There are arguments to be made that communities like Niagara Falls and Lockport would be better served by the state government staying out of their business and creating a more welcoming private-sector investment environment by cutting costs and lowering taxes.
While the position has merit, under the current Democratic administration of Gov. Andrew Cuomo the state has chosen a different path, one that involves various communities and regions competing for available state dollars by putting forth ideas that offer the “best bang for the buck” in terms of economic redevelopment potential.
For the first time in what seems like a very long time, both the Falls and Lockport have been able to not only demonstrate their need but also their ability to put forth projects that are worthy of state support.
Whenever big announcements about “game-changing” efforts are made, there’s an unfortunate tendency locally to look forward to the next big disappointment, not the next big success story.
Given the unfortunate history of local failures, in the Falls in particular, the depressed mood is understandable.
Still, in light of the recent announcements about the renewed state support in both communities, there’s clearly reason for more optimism moving forward.
During a visit to the Falls on Wednesday, Cuomo made a point to suggest that his administration has provided more support for improvement efforts in Western New York in recent years than any other administration has in decades.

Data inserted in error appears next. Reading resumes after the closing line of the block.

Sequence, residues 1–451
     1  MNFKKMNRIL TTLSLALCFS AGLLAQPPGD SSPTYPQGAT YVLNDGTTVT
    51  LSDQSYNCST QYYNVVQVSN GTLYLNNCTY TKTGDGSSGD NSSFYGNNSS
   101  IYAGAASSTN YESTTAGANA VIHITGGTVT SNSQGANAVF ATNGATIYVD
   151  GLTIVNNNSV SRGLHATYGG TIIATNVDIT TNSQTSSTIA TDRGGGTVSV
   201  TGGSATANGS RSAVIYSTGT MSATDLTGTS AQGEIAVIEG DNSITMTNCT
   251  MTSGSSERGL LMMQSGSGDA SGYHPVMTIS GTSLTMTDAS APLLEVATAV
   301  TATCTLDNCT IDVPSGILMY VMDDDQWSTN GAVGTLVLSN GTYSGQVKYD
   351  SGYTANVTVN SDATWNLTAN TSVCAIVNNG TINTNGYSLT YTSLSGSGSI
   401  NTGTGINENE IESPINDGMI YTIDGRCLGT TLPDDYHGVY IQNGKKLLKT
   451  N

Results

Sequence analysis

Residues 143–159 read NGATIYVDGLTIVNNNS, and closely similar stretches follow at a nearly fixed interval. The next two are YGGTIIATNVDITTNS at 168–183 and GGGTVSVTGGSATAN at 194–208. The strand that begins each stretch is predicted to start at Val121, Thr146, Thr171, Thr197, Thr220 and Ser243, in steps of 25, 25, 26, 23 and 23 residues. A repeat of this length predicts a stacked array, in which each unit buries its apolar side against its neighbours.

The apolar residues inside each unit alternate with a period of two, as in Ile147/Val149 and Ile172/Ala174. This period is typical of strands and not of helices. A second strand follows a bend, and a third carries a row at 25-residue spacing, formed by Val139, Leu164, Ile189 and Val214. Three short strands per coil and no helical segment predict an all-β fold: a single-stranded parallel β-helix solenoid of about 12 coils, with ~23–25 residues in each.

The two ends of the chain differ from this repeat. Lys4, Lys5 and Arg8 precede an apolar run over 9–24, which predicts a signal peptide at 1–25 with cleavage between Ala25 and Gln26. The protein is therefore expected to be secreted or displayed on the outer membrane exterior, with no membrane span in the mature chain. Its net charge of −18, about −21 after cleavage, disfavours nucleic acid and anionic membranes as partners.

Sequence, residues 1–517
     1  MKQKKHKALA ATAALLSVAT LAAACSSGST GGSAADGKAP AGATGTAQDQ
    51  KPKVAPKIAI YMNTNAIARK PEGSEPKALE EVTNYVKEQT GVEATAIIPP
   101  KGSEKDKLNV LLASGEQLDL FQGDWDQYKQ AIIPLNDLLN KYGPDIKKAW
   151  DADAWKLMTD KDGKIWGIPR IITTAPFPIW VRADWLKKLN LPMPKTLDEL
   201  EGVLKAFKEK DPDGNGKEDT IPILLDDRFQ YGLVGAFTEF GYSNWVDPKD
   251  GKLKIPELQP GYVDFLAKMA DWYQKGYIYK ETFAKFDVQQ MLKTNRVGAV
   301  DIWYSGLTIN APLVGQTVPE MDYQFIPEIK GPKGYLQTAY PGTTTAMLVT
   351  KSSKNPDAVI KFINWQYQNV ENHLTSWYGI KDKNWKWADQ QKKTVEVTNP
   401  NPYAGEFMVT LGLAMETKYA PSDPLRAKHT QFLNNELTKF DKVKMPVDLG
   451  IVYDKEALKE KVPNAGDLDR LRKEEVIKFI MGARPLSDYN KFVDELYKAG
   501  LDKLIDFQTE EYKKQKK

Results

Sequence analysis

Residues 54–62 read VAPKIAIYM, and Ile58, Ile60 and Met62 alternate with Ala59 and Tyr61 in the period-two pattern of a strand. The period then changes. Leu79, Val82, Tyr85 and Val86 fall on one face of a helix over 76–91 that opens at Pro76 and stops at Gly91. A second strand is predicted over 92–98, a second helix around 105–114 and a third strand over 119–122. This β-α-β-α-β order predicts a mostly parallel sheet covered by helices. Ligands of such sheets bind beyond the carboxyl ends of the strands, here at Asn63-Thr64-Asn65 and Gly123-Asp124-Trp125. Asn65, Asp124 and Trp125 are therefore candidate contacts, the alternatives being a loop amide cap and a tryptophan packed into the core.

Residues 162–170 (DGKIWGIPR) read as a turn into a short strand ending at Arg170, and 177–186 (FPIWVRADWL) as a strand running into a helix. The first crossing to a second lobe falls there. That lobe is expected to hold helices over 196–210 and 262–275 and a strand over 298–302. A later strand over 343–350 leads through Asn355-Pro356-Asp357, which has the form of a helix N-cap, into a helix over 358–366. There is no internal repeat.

While these are the words of a self-promoting politician, there’s no arguing the potential benefits a total of $20 million in state investment can have on both the Falls and Lockport.
Now is the time to capitalize, to put the funding to proper use and to turn all the talk and all the plans into tangible, completed projects that can restore confidence in both communities.
Another opportunity like this may not come anytime soon, if at all.
Leaders in the Falls and Lockport must make the most of it.
The City of Buffalo has demonstrated, through the wise of use of public resources and sound “community first” decision-making, that places where failure and disappointment were the norm for decades are capable of change.
Residents in the Falls and in Lockport, while unfortunately accustomed to having things fail to turn out as promised, should look upon Gov. Cuomo’s recent announcements about Downtown Revitalization Initiative funds with gratitude and hope for a brighter future.